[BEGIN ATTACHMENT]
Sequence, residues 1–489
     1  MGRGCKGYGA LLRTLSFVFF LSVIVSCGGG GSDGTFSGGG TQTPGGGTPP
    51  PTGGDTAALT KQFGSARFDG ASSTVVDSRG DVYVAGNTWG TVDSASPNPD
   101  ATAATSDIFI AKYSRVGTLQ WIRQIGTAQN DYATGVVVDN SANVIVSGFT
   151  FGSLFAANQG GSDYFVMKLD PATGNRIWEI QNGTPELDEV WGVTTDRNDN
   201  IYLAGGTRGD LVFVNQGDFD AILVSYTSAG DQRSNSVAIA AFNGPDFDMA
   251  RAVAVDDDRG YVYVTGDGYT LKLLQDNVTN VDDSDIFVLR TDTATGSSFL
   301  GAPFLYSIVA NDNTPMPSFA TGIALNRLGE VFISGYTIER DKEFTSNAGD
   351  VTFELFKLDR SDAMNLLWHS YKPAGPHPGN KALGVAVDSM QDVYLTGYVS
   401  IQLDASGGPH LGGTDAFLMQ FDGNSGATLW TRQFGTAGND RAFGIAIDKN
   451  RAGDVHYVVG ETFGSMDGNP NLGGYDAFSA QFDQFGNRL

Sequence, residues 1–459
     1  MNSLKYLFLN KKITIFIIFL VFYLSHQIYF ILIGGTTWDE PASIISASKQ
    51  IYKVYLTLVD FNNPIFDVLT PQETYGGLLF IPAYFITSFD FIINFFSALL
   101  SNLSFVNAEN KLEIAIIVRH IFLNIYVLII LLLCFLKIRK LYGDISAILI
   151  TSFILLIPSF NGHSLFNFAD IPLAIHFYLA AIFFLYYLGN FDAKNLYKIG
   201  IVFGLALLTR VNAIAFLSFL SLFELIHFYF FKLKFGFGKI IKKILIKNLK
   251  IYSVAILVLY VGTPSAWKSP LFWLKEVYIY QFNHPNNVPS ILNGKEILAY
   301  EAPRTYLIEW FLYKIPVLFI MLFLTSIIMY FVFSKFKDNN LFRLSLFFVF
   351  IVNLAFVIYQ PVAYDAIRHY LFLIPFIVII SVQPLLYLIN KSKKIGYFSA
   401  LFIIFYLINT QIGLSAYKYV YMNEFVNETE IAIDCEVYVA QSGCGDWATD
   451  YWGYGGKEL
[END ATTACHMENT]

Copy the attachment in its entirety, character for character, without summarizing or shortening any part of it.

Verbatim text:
Sequence, residues 1–489
     1  MGRGCKGYGA LLRTLSFVFF LSVIVSCGGG GSDGTFSGGG TQTPGGGTPP
    51  PTGGDTAALT KQFGSARFDG ASSTVVDSRG DVYVAGNTWG TVDSASPNPD
   101  ATAATSDIFI AKYSRVGTLQ WIRQIGTAQN DYATGVVVDN SANVIVSGFT
   151  FGSLFAANQG GSDYFVMKLD PATGNRIWEI QNGTPELDEV WGVTTDRNDN
   201  IYLAGGTRGD LVFVNQGDFD AILVSYTSAG DQRSNSVAIA AFNGPDFDMA
   251  RAVAVDDDRG YVYVTGDGYT LKLLQDNVTN VDDSDIFVLR TDTATGSSFL
   301  GAPFLYSIVA NDNTPMPSFA TGIALNRLGE VFISGYTIER DKEFTSNAGD
   351  VTFELFKLDR SDAMNLLWHS YKPAGPHPGN KALGVAVDSM QDVYLTGYVS
   401  IQLDASGGPH LGGTDAFLMQ FDGNSGATLW TRQFGTAGND RAFGIAIDKN
   451  RAGDVHYVVG ETFGSMDGNP NLGGYDAFSA QFDQFGNRL

Sequence, residues 1–459
     1  MNSLKYLFLN KKITIFIIFL VFYLSHQIYF ILIGGTTWDE PASIISASKQ
    51  IYKVYLTLVD FNNPIFDVLT PQETYGGLLF IPAYFITSFD FIINFFSALL
   101  SNLSFVNAEN KLEIAIIVRH IFLNIYVLII LLLCFLKIRK LYGDISAILI
   151  TSFILLIPSF NGHSLFNFAD IPLAIHFYLA AIFFLYYLGN FDAKNLYKIG
   201  IVFGLALLTR VNAIAFLSFL SLFELIHFYF FKLKFGFGKI IKKILIKNLK
   251  IYSVAILVLY VGTPSAWKSP LFWLKEVYIY QFNHPNNVPS ILNGKEILAY
   301  EAPRTYLIEW FLYKIPVLFI MLFLTSIIMY FVFSKFKDNN LFRLSLFFVF
   351  IVNLAFVIYQ PVAYDAIRHY LFLIPFIVII SVQPLLYLIN KSKKIGYFSA
   401  LFIIFYLINT QIGLSAYKYV YMNEFVNETE IAIDCEVYVA QSGCGDWATD
   451  YWGYGGKEL